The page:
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New third generation Cayenne is launched. Frankfurt debut for 991 GT3 Touring. Porsche in F1 return shock. New carbon fibre wheels for 911 Turbo. Porsche diesel recall. 908 racer design exercise
The Cayenne was once controversial. But with fully 760,000 examples sold since its introduction in 2002, it's now hard to imagine the modern Porsche family without this full-sized SUV. Welcome, therefore, to the third-generation and all-new Cayenne. The latest model is lighter, faster, more efficient, more spacious and generally more advanced. A better car in every quantifiable way, then.
What's more, Porsche's head honcho Oliver Blume reckons the new Cayenne borrows more from the iconic 911 model than ever before. The major revisions and additions with the new Cayenne start a switch to a new high-voltage 48V electrical system. That enables a whole raft of new technologies, from massively updated hybrid powertrain systems to more advanced chassis control technology. What's more, it sits on an entirely new platform, known internally at VW parent company as MLB. It's the same core architecture used in multiple VW Group SUVS, including the latest Audi Q7, the Bentley Bentayga, the upcoming new VW Touareg and indeed the yet-to-be launched Lamborghini Urus.
Overall, the new platform has allowed Porsche to shave around 65kg off the Cayenne's kerb weight despite being slightly larger overall than the outgoing second-gen model and offering increased equipment and power levels. The new model is 63mm longer than before at 4918mm, though overall height has reduced a whisker at 1694mm.
As for engines, at launch Porsche is limiting the offering to a pair of petrol models based on the new turbo V6 motor first seen in the Panamera and also used extensively throughout the VW Group. The base petrol Cayenne offers 335bhp and 332lb ft, and thus around 40bhp more than the old 3.6-litre naturally aspirated V6. The Cayenne S runs a more powerful turbo V6 cranking out 434bhp and 405lb ft. Porsche is claiming a zero to 62mph sprint in 5.2 seconds and a top speed of 165mph for the Cayenne S.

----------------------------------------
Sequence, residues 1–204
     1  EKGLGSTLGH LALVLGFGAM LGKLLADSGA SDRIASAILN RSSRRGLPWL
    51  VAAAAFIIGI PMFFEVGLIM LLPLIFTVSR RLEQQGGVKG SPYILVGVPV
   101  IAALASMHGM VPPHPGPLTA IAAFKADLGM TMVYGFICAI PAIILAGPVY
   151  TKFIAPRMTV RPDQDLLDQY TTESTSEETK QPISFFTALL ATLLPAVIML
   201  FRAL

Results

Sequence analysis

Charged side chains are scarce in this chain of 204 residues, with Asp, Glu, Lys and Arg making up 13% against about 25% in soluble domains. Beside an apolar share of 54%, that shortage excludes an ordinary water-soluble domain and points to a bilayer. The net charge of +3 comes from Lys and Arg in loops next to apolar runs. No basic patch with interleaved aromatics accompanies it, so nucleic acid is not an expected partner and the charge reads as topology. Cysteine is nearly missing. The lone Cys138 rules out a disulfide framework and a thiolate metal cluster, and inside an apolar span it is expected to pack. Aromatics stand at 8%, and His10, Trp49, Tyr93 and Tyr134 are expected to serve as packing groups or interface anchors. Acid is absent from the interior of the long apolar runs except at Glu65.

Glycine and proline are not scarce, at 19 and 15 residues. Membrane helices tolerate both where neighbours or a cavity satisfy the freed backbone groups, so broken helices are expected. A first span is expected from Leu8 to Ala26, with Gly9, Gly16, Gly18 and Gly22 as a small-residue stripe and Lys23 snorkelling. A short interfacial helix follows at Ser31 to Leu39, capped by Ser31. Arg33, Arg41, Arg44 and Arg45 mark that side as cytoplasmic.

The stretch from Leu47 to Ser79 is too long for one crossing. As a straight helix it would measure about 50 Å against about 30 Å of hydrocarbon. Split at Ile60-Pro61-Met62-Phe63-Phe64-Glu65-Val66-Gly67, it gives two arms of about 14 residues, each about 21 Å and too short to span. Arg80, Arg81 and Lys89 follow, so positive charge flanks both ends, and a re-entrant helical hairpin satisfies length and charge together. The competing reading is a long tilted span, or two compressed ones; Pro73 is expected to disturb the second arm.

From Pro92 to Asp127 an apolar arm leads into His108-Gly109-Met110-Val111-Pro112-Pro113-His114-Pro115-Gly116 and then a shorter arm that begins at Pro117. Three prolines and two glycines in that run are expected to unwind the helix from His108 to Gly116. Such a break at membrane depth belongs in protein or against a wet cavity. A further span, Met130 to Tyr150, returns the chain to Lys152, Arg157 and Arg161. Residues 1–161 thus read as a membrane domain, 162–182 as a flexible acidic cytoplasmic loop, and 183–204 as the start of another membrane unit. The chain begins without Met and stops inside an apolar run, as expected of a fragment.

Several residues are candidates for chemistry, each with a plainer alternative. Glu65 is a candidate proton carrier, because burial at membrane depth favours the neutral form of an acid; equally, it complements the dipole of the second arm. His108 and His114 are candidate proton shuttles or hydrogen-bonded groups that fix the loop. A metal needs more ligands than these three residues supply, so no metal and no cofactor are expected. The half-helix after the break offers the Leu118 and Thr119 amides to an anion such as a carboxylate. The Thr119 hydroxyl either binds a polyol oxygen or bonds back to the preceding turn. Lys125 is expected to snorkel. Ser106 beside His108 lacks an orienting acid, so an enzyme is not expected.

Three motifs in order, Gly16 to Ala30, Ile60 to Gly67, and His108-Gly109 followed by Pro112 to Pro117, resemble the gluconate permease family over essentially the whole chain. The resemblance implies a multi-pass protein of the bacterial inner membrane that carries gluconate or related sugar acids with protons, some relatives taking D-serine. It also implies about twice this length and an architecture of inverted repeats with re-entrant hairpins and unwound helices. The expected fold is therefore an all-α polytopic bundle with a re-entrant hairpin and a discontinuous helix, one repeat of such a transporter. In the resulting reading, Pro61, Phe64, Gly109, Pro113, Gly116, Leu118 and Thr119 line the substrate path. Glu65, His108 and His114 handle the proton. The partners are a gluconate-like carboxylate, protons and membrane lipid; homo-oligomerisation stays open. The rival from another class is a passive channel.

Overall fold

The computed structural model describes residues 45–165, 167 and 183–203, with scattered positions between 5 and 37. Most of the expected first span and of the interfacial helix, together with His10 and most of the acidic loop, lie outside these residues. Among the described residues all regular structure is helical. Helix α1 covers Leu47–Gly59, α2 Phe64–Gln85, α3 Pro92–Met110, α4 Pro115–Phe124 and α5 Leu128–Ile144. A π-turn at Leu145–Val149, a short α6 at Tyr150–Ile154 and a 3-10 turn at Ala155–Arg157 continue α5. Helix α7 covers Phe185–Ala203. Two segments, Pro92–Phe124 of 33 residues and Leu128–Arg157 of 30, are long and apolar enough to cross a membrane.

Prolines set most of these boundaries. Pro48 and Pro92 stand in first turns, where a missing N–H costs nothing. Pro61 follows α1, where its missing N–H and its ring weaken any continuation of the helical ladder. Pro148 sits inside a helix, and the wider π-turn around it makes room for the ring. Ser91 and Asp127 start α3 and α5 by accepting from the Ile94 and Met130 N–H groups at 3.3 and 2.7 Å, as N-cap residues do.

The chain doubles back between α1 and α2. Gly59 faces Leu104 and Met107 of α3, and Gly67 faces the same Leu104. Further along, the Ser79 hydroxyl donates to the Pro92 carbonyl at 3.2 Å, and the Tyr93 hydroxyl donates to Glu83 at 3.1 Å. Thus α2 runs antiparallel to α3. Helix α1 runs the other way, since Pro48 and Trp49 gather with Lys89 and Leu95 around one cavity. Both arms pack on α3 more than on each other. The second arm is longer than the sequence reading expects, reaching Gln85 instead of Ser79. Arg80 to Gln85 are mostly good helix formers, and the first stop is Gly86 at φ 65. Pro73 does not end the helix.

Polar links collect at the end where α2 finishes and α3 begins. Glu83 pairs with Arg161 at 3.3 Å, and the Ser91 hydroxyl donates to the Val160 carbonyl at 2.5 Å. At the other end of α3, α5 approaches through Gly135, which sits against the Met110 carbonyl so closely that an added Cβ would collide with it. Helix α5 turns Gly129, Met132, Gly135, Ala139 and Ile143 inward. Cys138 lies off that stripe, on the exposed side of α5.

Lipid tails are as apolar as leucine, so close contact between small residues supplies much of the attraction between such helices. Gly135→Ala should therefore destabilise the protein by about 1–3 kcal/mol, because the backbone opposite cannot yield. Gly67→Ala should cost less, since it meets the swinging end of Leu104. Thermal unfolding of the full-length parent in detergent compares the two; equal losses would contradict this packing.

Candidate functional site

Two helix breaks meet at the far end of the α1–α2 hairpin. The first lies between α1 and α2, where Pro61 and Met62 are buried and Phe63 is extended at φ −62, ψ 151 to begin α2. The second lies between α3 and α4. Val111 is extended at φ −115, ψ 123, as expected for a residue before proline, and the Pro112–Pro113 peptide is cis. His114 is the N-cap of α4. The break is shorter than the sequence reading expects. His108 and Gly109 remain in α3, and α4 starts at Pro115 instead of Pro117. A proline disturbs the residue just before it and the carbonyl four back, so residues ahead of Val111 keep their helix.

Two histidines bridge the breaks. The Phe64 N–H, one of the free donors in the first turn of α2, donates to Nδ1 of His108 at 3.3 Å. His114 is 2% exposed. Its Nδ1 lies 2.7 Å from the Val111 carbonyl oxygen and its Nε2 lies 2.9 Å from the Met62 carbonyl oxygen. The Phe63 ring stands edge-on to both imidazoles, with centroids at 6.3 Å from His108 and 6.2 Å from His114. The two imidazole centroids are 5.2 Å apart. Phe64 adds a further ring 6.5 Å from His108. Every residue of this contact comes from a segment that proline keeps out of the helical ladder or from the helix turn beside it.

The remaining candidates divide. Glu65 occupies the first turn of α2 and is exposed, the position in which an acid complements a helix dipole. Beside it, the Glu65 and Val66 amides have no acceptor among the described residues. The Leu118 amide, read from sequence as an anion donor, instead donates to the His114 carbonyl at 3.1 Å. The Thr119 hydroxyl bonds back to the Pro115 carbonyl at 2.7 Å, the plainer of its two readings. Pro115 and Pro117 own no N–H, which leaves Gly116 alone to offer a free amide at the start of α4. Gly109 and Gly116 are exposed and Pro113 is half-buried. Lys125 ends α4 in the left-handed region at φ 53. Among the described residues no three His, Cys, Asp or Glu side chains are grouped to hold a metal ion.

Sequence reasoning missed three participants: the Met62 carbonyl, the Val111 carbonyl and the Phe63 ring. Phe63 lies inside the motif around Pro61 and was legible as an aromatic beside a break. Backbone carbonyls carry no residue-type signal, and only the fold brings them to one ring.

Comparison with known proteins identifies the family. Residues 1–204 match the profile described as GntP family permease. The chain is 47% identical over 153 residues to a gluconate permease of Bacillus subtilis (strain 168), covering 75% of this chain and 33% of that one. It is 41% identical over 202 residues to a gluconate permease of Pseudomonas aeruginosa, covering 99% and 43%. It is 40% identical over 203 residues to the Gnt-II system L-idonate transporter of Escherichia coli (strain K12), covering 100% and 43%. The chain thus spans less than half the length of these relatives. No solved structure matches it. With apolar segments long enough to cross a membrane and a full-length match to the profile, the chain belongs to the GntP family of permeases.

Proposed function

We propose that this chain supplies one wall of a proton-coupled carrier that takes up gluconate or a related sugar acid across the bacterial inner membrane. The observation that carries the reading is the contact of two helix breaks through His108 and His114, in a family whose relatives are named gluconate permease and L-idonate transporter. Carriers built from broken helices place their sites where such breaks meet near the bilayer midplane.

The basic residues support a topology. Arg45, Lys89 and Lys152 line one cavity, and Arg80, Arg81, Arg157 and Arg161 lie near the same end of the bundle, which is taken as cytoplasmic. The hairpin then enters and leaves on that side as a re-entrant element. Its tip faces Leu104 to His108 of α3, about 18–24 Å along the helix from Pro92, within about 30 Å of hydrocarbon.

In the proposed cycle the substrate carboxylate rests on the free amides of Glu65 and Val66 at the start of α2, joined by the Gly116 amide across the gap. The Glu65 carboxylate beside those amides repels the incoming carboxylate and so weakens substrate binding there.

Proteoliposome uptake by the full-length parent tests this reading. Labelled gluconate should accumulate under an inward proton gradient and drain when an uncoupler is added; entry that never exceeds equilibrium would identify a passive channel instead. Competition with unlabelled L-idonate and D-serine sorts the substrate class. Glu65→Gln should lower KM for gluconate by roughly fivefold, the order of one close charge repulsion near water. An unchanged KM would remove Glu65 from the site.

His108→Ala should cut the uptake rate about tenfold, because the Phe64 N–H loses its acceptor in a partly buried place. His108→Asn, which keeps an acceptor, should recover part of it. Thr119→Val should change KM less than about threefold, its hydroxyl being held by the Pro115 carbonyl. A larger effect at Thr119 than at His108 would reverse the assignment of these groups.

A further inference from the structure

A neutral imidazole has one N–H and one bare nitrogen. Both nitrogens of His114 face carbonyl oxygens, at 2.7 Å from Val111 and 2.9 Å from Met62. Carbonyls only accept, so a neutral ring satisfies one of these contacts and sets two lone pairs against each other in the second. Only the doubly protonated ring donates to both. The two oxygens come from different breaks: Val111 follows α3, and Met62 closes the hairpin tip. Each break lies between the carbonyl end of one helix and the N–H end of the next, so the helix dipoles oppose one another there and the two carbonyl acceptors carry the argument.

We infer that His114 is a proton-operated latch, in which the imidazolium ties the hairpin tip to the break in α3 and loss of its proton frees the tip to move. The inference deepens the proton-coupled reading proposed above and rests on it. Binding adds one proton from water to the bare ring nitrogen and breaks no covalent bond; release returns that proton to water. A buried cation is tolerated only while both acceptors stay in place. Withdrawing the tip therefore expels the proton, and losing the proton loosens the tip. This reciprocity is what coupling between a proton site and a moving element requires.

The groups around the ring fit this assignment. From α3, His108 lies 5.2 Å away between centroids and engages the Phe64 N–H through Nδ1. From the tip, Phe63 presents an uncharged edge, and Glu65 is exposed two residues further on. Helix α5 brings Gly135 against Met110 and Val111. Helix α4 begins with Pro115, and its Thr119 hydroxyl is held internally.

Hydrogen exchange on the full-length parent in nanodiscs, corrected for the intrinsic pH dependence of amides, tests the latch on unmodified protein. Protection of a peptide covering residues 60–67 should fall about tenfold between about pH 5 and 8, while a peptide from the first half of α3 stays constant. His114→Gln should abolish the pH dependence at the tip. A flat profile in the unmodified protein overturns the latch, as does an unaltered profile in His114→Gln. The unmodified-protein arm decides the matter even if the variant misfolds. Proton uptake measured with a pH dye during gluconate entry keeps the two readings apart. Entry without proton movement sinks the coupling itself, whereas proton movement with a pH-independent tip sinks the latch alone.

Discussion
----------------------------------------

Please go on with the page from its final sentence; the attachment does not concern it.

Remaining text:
Over the coming months, Porsche will
wheel out a slew of even more powerful models including a pair of plug-in hybrids with similar petrol-electric powertrains to the 455bhp Panamera E-hybrid and 666bhp Panamera Turbo S E-hybrid. There will also be a monster Cayenne Turbo packing a twin-turbo 4.0-litre V8 and a power output in the neighbourhood of 550hp.
But what of diesel models, you ask, currently the biggest sellers in the UK? What with the VW Dieselgate scandal and regulatory issues in the German market, Porsche has yet to unveil any dieselpowered variants, but they will likely arrive within the next six months.
Inside, the all-new cabin offers shades of the latest Panamera interior but with a more rugged, practical ambience. It also shares the same stunning 12.3-inch central touchscreen and Porsche Advanced Cockpit infotainment interface as the Panamera and, likewise, the slick centre console control panel with capacity touch controls. Luggage space has increased by around 100 litres to fully 770 litres, too.
Further highlights include a switch from hydraulic to electrical control for the Porsche Dynamic Chassis Control (PDCC) roll stabilisation system and a world-first introduction of tungsten-carbide coated iron brake discs, known as Porsche Surface Coated Brake (PSCB) and signified by white brake calipers, they improve braking performance but reduce wear and dust. Porsche's PCCB ceramic brakes remain the top brake option. Prices for the new Cayenne start at £55,965 and the order books are open now.
The new thirdgeneration Cayenne is bigger yet lighter than the outgoing model. Launch models are all petrol V6, either N/A or turbocharged. V8s and V8 Hybrids will follow topping out with a 550bhp Cayenne Turbo S. There will be diesels, too, but less in the way of fanfair